Tax Return Guide for Married Couples

Checklist for your wedding. Flowers? Check. Photographer? Check. Tax implications for married couples? Hmmm. That aspect of marriage might be off the radar for most people, however there are tax implications for married couples that you’ll need to be aware of.

Are you a couple?

Who the ATO defines as a couple may be cause for confusion. In fact, you may not need to be married to be considered a couple for tax purposes. The Australian Taxation Office (ATO) recognises not only married couples, but also de-facto and same sex partners as couples.

If you’re in a relationship and living with the other person in a domestic relationship, you’ll be automatically deemed as being a couple of the eyes of the ATO. Even if you’re not physically living with your spouse, for example they may live away for work or travel extensively, you’ll still be considered to be in a relationship.  There’s no minimum time period for a relationship to be de facto.

If your relationship status changes, you’ll need to let the ATO know. You might have to repay differences in payments you may have received, and even incur penalties.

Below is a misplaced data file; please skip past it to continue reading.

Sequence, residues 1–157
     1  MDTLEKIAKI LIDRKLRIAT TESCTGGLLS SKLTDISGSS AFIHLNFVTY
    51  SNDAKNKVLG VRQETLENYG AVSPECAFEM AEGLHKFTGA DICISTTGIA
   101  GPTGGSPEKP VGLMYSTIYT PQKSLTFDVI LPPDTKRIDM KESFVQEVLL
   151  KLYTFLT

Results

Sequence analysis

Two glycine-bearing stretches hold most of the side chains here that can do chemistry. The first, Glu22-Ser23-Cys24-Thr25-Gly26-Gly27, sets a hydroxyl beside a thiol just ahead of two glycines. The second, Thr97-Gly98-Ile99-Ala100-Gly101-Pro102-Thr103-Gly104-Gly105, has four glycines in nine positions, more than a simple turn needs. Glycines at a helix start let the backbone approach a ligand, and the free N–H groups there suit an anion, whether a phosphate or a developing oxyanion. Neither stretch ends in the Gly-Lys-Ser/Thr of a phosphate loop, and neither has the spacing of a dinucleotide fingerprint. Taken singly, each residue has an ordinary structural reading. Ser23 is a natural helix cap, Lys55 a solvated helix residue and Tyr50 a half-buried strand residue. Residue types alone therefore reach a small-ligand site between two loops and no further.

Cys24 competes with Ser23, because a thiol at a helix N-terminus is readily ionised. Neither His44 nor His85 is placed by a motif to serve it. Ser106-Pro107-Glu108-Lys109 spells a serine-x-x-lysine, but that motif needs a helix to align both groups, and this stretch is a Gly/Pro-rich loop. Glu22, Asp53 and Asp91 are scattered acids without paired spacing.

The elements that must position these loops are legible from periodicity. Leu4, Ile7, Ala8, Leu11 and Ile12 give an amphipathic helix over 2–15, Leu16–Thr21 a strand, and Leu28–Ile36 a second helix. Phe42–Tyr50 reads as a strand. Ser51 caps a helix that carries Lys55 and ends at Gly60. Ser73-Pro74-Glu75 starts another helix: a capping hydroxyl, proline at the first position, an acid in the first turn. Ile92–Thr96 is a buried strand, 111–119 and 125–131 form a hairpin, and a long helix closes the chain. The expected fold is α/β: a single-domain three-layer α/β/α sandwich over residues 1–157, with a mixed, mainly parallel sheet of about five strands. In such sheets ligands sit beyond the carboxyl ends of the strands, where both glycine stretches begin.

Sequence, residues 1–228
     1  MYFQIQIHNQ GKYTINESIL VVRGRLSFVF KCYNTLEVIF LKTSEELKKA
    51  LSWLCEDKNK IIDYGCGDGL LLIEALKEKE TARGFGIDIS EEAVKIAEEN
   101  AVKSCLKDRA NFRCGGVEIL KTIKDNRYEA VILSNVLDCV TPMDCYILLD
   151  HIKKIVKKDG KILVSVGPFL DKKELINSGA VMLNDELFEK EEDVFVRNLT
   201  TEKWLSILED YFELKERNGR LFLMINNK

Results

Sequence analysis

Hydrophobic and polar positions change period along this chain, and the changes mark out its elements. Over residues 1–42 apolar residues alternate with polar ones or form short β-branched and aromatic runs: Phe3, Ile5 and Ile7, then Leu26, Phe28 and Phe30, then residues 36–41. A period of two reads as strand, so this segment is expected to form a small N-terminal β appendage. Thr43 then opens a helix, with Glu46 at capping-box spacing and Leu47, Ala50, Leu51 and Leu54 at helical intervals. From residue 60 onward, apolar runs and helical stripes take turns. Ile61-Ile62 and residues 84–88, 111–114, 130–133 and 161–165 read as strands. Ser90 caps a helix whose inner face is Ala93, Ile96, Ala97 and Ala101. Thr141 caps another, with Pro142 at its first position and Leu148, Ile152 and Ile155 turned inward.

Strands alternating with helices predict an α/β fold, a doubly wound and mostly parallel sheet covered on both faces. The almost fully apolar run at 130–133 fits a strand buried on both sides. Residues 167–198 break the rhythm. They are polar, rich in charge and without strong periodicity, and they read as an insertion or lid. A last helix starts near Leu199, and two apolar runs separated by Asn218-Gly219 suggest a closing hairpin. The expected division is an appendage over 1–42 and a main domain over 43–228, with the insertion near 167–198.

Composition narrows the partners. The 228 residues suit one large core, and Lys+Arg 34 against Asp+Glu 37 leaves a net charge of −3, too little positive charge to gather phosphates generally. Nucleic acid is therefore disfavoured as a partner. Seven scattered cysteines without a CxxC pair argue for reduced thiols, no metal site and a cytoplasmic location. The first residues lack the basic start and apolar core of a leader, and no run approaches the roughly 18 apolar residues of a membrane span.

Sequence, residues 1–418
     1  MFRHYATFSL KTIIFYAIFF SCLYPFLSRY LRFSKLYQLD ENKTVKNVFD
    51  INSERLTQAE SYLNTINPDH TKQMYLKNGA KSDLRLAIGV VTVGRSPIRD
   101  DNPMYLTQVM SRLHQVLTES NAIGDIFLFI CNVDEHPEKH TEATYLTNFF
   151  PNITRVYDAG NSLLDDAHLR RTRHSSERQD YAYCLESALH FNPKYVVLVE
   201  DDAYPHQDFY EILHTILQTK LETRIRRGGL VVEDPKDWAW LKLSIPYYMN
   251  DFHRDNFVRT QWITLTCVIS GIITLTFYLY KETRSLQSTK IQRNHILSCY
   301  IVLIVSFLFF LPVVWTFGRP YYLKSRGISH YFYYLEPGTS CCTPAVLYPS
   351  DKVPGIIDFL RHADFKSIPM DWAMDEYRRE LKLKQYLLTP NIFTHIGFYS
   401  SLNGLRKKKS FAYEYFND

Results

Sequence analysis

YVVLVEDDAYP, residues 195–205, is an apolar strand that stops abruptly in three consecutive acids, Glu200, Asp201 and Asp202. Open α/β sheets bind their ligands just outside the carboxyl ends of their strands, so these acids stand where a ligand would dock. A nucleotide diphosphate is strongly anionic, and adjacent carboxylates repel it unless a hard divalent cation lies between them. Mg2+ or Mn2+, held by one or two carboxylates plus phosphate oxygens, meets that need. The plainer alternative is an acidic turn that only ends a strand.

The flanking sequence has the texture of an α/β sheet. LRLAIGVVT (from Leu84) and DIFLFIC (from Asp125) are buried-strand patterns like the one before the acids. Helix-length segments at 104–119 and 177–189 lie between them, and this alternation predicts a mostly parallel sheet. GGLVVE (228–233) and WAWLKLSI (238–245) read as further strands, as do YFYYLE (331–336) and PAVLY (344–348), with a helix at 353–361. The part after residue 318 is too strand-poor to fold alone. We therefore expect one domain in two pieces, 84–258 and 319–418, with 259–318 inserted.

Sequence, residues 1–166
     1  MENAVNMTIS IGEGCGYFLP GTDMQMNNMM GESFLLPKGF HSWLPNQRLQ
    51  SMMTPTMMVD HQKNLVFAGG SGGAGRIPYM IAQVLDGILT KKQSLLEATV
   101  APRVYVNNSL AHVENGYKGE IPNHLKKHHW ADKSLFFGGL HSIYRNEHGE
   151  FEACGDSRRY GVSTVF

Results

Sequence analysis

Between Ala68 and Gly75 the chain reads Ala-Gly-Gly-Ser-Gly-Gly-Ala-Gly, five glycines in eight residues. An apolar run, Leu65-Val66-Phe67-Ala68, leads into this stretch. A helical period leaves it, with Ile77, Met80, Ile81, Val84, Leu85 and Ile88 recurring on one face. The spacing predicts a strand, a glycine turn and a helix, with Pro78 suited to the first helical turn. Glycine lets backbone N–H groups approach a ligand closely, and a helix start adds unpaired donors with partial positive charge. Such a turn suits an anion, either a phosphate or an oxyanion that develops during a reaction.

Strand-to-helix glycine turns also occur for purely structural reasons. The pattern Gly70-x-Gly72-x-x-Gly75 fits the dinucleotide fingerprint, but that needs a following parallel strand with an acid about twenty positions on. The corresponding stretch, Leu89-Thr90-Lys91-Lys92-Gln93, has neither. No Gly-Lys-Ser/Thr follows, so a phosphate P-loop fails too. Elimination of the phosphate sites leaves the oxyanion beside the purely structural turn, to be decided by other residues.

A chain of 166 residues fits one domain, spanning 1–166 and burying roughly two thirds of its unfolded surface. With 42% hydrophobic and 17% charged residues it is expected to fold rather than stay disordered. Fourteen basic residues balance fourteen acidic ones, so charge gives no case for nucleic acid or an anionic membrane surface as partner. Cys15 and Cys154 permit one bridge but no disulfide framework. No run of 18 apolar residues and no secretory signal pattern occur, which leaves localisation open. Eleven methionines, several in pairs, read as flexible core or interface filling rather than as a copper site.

married couple

Does this affect your tax?

You’ll need to record that you have a spouse on your tax return, and your partner will need to do the same. Filing your tax return with your spouse might mean you can access valuable tax breaks and credits you won’t get otherwise, especially if one spouse earns a lot more, or one spouse works and the other doesn’t.

Once you are deemed as having a spouse, your Medicare Levy, Private Health Rebates, Family Tax Benefits and Childcare payments might change as they will be calculated on your combined income.

Download this article: BLOG Tax Return Guide for Married Couples

In your tax return, you’ll need to include your spouse’s:

  • Name and date of birth
  • Tax file number
  • Wage and salary income
  • Dividends
  • Interest
  • Rental income
  • Foreign income (if any)
  • Child support payments

If your relationship changes during the financial year, you’ll need to let the ATO know the dates of change. If you’ve separated and then reunited, you’ll need to let the ATO know those dates as they will impact family tax benefits and childcare assistance.

What do you need to do?

You’ll need to be aware of the tax implications of your relationship status. The ATO isn’t lenient when it comes to ignorance. If you’re unsure, your tax agent will be able to help. Just ask! An ITP The Income Tax Professional will be able to help you understand your tax obligations.